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Management & Entrepreneurship

Unit: ……08…………


Hrs: ……07…..


Syllabus of unit 08:
Meaning of Project; Project Identification; Project Selection; Project Report; Need and
Significance of Report; Contents; formulation; Guidelines by Planning Commission for Project
report; Network Analysis; Errors of Project Report; Project Appraisal. Identification of Business
Opportunities - Market Feasibility Study; Technical Feasibility Study; Financial Feasibility
Study & Social Feasibility Study.

Recommended readings:
1. Dynamics of Entrepreneurial Development & Management - Vasant Desai Himalaya
Publishing House.
2. Entrepreneurship Development - Small Business Enterprises - Poornima M Charantimath Pearson Education – 2006.
3. Entrepreneurship Development - S S Khanka - S Chand & Co.

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M ean i n g o f Pro j ect :


A project in business and science is a collaborative enterprise, frequently involving
research or design, that is carefully planned to achieve a particular aim.
Project Identification:
Project Identification is a repeatable process for documenting, validating, ranking and
approving candidate projects within an organization.
Due to the changing financial conditions within the total organization, it is necessary to establish
a stable process for approving projects for initiation. This process will...
��Validate the business reason for each candidate project.
��Provide the base information for more informed financial commitments to projects.
��Establish a more objective ranking of candidate projects.
��Allow a more effective matching of skilled resources to the right project.
��Avoid over-allocating limited skilled resources.
��Anticipate future human resource quantities and skills.
��Provide a valid basis for staff training.
��Make Project Initiation faster and more efficient.
Project Selection:
Projects are undertaken for various reasons. Each project should have clear justification
and methods defined to show its ‘worth’ taking it. Strategic goals of organization, Market Need,
Technological Advancement, Competitive Advantage, Profitability, Project/Portfolio
Management Office (PMO), Sponsors are key in project selection.
Below I presented the gist of few widely-used project selection methods. Decisions are
made based on the best information in hand about a particular project at a given point of time.
One can use either Benefit Measurement Methods(Comparative approach) or Constrained
Optimization Methods (Mathematical approach) or both to arrive conclusion on project
selection.Out of these two benefit measurement method is most commonly used.
Benefit measurement methods are based on measuring the benefits in taking up the
project and comparing the results against other projects or a strategy benchmark. Cost-Benefit
Analysis, Scoring Models, Economic Models, Discounted Cash Flow(DCF), Net Present Value
(NPV), Internal Rate of Return are different types under Benefit measurement methods.

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Constrained optimization methods uses complex mathematical calculation based on different
worst/best case scenarios and probability of outcome and then selecting project on best results.
Generally known methods are Linear programming, nonlinear programming, multi objective
Project Report: need & its Significance
A project report is analogous to a feasibility study. It is of no moment whether you are a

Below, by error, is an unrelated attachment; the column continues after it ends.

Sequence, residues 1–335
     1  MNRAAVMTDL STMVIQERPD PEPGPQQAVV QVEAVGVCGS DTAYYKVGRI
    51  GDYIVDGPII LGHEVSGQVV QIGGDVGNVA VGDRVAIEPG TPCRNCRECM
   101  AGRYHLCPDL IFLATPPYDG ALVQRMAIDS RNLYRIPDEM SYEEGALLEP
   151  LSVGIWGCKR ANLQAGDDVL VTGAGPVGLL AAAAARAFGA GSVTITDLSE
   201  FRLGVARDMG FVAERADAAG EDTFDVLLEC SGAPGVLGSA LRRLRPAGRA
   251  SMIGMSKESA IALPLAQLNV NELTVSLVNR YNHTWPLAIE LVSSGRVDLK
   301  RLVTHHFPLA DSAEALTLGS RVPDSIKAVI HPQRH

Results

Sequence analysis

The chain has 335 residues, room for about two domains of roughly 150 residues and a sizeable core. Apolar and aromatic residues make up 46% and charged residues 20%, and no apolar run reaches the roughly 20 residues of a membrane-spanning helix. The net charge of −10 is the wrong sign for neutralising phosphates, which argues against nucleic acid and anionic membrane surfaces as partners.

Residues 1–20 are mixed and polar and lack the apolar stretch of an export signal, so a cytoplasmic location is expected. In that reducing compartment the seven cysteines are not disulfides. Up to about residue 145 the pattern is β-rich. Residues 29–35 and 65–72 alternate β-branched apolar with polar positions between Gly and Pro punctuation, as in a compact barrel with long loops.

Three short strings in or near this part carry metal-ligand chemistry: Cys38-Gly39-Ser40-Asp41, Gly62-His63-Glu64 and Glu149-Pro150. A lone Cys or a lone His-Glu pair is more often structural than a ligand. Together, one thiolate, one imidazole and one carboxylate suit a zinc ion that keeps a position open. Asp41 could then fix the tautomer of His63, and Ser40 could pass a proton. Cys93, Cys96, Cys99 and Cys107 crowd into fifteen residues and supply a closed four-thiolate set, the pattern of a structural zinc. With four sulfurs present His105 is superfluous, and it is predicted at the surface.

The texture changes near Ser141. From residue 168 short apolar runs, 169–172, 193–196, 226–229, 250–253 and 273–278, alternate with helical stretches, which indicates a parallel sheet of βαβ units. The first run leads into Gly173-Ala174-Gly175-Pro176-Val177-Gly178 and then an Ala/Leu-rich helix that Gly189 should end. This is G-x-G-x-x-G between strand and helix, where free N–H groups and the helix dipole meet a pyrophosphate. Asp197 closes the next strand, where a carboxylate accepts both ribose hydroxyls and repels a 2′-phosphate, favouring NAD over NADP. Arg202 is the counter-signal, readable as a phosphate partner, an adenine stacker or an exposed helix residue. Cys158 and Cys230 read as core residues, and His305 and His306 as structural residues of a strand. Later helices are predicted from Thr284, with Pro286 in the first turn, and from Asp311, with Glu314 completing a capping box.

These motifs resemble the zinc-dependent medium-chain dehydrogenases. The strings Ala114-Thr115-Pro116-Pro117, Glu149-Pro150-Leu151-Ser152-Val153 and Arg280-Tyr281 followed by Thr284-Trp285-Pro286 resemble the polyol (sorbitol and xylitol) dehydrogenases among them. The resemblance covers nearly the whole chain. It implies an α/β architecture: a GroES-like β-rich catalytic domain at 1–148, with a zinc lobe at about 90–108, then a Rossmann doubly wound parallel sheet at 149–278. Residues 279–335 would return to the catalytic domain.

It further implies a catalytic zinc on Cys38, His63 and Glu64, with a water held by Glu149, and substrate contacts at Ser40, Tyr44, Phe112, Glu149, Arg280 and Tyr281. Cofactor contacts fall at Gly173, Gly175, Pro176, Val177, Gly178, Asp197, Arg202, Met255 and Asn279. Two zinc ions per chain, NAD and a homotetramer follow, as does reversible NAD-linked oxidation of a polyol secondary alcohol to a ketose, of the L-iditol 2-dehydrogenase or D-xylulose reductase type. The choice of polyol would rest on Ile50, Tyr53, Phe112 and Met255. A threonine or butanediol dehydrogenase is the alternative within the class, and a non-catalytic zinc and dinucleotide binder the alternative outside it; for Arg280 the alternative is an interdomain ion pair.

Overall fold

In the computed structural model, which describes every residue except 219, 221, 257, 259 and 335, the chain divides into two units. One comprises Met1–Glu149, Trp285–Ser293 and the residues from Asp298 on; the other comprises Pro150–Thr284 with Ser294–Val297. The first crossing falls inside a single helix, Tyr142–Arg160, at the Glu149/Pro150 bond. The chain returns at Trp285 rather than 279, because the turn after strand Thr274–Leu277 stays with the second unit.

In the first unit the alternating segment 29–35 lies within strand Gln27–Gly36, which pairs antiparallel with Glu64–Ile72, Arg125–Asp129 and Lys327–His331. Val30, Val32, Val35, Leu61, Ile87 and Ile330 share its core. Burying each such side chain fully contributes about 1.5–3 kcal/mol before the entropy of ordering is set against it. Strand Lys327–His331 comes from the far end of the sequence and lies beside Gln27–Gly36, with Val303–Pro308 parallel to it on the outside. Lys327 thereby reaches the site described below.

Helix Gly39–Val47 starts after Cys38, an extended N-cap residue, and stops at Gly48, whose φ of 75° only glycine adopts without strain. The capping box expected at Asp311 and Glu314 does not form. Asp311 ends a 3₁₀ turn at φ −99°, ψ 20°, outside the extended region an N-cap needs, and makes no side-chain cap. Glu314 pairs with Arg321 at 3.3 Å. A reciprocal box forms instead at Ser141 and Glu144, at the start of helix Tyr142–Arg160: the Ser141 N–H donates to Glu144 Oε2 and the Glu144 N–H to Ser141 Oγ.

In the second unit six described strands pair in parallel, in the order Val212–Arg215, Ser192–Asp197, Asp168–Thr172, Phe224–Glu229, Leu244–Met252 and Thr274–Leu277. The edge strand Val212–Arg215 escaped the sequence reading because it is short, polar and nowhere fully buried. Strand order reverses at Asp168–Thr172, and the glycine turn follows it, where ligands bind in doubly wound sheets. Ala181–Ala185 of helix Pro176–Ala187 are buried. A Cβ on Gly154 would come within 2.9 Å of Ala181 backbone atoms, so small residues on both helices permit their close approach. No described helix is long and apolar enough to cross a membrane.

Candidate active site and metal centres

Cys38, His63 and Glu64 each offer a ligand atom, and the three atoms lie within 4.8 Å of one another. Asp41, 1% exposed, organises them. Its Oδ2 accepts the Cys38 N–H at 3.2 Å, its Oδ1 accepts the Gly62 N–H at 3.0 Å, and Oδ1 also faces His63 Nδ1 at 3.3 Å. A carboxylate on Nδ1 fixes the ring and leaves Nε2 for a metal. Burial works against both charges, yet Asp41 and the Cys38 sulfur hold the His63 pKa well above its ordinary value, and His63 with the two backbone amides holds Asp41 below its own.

large, medium or small-scale entrepreneur. In every investment, all angles must be considered
and these likewise involve hard-earned money, valuable time and priceless effort. Thus, an
overview or insight for any business undertaking must be fully scrutinized particularly on the
ROI or return of investment which is done practically through a feasibility study or project
Note: Always bear in mind the Law of Supply and Demand.
A Business Plan/Project Report submitted to NEDFi for consideration should include the
following information:
1. Description of the project.
2. Promoters, Management and Technical Assistance:

Detailed Biodata of promoters including financial information.
Proposed management arrangements.
Description of technical arrangements (management, production, marketing, finance
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3. Market and sales:


Basic market orientation: local, national, regional, or export.
Projected production volumes, unit prices, sales objectives, and market share of proposed
Potential users of products and distribution channels to be used. Present sources of supply
for products.
Future competition and possibility that market may be satisfied by substitute products.
Tariff protection or import restrictions affecting products.
Critical factors that determine market potential.

4. Technical feasibility, manpower, raw material resources, and environment:

Brief description of manufacturing process.
Comments on special technical complexities and need for know-how and special skills.
Possible suppliers of equipment. Ideally three competitive quotations to be enclosed.
Availability of manpower and of infrastructure facilities (transport and communications,
power, water, etc.).
Breakdown of projected operating costs by major categories of expenditures.
Source, cost, and quality of raw material supply and relations with support industries.
Import restrictions on required raw materials.
Proposed plant location in relation to suppliers, markets, infrastructure and manpower.
Proposed plant size in comparison with other known plants.
Potential environmental issues and how these issues are addressed.

5. Investment requirements, project financing, and returns:

Estimate of total project cost, broken down into land, construction of buildings and civil
works, plant and machinery, miscellaneous fixed assets, preliminary and preoperative
expenses and working capital.
Proposed financial structure of venture, indicating expected sources and terms of equity
and debt financing.
Type of NEDFi financing (loan, equity, quasi-equity, a combination of financial
products, etc.) and amount.
Projected financial statement, information on profitability, and return on investment.
Critical factors determining profitability.

6. Government support and regulations:

Project in context of government economic development and investment program.
Specific government incentives and support available to project.
Expected contribution of project to economic development.
Outline of government regulations on exchange controls and conditions of capital entry
and repatriation.

7. Timetable envisaged for project preparation and completion.
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Guidelines by Planning Commission for Project report


1. Name of the project and location.